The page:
Friday, October 14, 2011

A visit from Lois

I had a wonderful visit from Lois, Matt and Kate last Friday and wanted to share some of my thoughts. When they arrived, my 4th grade students were in the middle of a Gallery Walk of their first Showcase Pieces for the quarter. After silently viewing all the artwork, they chose 2 pieces that they were drawn to and wrote a reflection (comment, compliment, question, connection) to the artist on a post-it note and stuck it on their art work. We then transitioned into open studio time. Lois was interested in how I was incorporating the Studio Habits into my art studio. She was able to give me some great feedback looking at my classroom space and what I do through the lens of Studio Habits of Mind. What I found so enlightening was how many of them I was covering without even realizing it. Everything from how I organized and labeled my supplies (understand art world) to the artist statements (reflect). She walked through my space and shared with me what she was seeing.
Although I have the Studio Habits posted and they write about them on their artist statements, I realize how important it is for me to be more explicit with the students and make the connections for them. This will help them to internalize the vocabulary and see real-world applications of the SHOM. This inspired me to use my bulletin board space to highlight the SHOM with student work as examples of the Habits in practice. The audience is the students, the teachers and the parents. The photo shows this month's SHOM, Develop Craft. I am curious what ways you are making these habits visible in your environment.


  1. This is my first year fully implementing SHOM in my curriculum and Julie, I like your idea of having a board dedicated to the studio habits. I looked at what the Berwyn teachers developed and I am interested in creating a visual system that breaks the habits into easily approachable categories. Have you found a way to post all the habits in your room? I know my students already engage in many of them, though I would like to create a process for them to identify and utilize these habits in order to go deeper into the art making process.

  2. I love the bulletin board idea too Julie. It's very concrete exemplar for the students to make connections to the studio habits.

    I was thrilled to have Lois, Kate and Matt come to my classroom the other day too. I had a chance to share something I had created around the studio habits before they came into my classroom. Each student chooses a studio habit to focus on for the quarter. They explain why they have chosen this habit. I respond with questions or comments. Each class period they respond back to me. We are developing an ongoing conversation around their habit. This also becomes a record for them of their artistic process when it comes to writing about their work.
    This practice also helps me to know what each student really cares about and what they want to be taught about and assessed on. I've told them they may use more than one habit at a time but they are choosing one to really focus on. I have found that this helps with their reflection habits as well as their engage and persist habit because they are focused in on their habit each time they write in these dialogue sheets.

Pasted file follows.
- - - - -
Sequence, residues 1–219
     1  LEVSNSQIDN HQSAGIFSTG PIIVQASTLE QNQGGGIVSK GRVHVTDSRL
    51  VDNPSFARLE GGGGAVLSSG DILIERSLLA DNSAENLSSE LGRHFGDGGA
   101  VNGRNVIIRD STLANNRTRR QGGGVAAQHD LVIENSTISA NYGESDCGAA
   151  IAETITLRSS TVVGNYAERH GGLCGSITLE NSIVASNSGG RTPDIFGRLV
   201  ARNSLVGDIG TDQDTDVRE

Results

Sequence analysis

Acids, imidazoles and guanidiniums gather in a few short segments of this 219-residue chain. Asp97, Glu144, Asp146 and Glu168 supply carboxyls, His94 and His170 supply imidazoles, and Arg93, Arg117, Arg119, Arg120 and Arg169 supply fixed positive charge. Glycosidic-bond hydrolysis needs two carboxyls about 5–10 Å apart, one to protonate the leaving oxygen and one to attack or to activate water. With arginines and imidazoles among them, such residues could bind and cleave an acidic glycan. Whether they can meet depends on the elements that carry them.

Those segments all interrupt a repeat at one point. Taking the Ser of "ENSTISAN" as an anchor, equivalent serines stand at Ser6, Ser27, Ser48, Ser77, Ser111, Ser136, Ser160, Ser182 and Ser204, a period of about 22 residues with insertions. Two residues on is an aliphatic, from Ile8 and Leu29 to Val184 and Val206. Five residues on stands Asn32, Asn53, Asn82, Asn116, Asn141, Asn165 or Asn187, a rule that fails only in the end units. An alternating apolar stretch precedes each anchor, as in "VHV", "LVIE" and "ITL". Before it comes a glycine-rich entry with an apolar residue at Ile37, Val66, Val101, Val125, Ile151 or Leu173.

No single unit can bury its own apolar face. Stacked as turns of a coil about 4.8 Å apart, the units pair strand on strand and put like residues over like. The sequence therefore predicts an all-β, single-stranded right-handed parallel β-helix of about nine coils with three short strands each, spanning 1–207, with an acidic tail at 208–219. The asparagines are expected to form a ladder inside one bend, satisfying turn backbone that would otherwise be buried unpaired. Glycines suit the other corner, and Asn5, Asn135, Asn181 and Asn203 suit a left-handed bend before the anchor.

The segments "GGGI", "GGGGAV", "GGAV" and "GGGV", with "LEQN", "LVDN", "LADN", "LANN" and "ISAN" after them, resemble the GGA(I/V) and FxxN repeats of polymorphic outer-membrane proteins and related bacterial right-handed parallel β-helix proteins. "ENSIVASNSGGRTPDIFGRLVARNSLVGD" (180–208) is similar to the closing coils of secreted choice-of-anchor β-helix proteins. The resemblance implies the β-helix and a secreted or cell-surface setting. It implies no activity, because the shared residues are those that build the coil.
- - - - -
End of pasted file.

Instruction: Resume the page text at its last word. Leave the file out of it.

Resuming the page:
The dialogue sheets are really very simple. There is a table with a column for the date and a column for their comments.
    I think I want to create word walls around the habits to help them expand their vocabulary in their writing.

    Lois gave me feedback on the idea that my personal responses are very important to students. She felt that these papers were a "treasure trove" of data for us.

  3. Jennifer,
    I created and laminated a large poster with the SHOM on them. I post it in a resource area of my room that has the E&Ps and artist statements. This year I had the students create a page for their artist notebook that has the SHOM listed, then they described it in their own words and created a visual symbol to trigger their memory. They now have this sheet as a resource when writing artist statements.

  4. Teachers from our previous project in Berwyn also created multiple variations of posters. There was one large poster which listed each Studio Habit and its translation to student friendly language along with a visual representation, much like the poster Julie describes. Some teachers kept a stack of 8 1/2"x 11" posters, one SH per poster. These were either displayed throughout the room, pulled out and showcased when the teachers wanted the students to focus on a particular SH, or deliberately left at work stations for students to shuffle through and determine which SH they were practicing. Another teacher laminated the SH Pie Chart and taped it to the center of each table cluster in her classroom. These teachers were experimenting with a variety of strategies to introduce and reinforce this new language/lens. We will share hard copy examples at our next professional development on Nov. 9th.